This regiment was made up of cavalry companies enlisted in Iowa, Nebraska, Minnesota and Missouri, but as Iowa furnished the most men it was called the Fifth Iowa cavalry. The organization was completed in February, 1862. Its field officers were: Colonel, William W. Lowe, of the regular army: lieutenant-colonel, M. T. Patrick, of Omaha, Neb.; Carl S. De Bernstein, of Dubuque, William Kelsey, of Omaha, and Alfred B. Brackett, of St. Paul, were the majors. The regiment was ordered to Fort Henry in February. On the 3d of May a detachment of 150 men was sent to Lockridge's Mill where it was attacked by Colonel Clayborne with 3,000 men, and cut to pieces; the commander, Major Bernstein, was mortally wounded. On the 25th of August the regiment had a sharp fight at Fort Donelson, in which Lieutenant Summers was mortally wounded. For a long time the Fifth was scouting and performing various services in Tennessee. In January, 1864, most of the regiment having re-enlisted, they were granted a furlough and visited their homes. In July the regiment was in the great raid made by General Rousseau, in which they marched over four hundred miles in the enemy's country. The Fifth lost fourteen men in this expedition among whom was Captain Curl, killed. In another raid under General McCook, which resulted disastrously, the Fifth lost 120 men. The regiment was now reduced to about 100 effective men, but continued under Major Young, to do good service. In September two companies of the First cavalry were united with the Fifth, and about this time Lieutenant-Colonel Patrick resigned. On the 28th of October a brigade commanded by Colonel Capron, in which was the Iowa Fifth, was surrounded by a large rebel force. The colonel disappeared and Major Young, of the Iowa regiment, took command and by a most daring charge his brigade cut its way through and rode safely into camp. It was next in the battle of Nashville and later in General Wilson's great raid through Alabama and Georgia. Major Young had been promoted to colonel and commanded the Fifth in that brilliant campaign, which fought bravely in several conflicts with the enemy. In August, 1865, it was mustered out of the service covered with honors nobly won.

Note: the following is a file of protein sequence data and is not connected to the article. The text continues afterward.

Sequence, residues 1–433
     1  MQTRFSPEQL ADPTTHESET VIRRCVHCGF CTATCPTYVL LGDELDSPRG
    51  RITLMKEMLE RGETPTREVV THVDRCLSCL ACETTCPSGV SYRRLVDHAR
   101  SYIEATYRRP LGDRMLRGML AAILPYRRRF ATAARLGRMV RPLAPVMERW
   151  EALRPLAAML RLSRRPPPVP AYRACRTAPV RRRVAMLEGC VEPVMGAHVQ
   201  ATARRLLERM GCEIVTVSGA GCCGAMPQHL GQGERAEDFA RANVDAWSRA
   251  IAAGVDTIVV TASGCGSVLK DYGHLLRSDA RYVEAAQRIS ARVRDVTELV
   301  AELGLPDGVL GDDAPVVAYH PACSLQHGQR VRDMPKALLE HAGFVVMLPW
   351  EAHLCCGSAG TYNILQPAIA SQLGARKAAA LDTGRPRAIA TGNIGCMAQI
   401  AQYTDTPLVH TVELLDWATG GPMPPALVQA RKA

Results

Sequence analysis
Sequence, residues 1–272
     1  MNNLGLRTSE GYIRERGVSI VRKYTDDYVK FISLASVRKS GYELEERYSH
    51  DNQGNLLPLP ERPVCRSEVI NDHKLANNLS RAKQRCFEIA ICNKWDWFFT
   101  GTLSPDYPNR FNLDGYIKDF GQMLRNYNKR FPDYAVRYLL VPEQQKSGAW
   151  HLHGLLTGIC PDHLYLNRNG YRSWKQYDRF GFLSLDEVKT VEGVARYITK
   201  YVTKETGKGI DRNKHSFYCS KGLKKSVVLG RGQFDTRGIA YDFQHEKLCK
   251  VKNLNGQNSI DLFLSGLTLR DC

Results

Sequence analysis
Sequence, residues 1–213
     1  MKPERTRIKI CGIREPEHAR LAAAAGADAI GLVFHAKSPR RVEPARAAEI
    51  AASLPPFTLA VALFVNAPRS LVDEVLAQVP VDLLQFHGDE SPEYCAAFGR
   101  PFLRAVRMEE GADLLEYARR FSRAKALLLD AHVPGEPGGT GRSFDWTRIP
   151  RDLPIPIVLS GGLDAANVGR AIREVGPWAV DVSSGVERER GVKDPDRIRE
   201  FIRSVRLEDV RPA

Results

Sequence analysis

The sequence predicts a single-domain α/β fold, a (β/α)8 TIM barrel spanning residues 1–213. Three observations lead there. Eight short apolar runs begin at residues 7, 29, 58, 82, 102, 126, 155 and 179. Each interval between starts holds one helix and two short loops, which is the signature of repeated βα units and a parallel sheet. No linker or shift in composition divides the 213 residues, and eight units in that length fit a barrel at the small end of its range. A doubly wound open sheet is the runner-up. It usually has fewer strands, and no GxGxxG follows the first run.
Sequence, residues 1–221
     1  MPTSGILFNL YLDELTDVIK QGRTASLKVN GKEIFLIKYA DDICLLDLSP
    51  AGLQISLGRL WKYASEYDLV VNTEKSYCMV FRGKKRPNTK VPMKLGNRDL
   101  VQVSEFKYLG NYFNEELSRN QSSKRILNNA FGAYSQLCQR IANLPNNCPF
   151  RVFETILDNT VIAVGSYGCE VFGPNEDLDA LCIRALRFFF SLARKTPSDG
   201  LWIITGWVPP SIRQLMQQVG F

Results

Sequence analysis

SOURCE: Benjamin F. Gue, Biographies And Portraits Of The Progressive Men Of Iowa, Volume 1, p. 122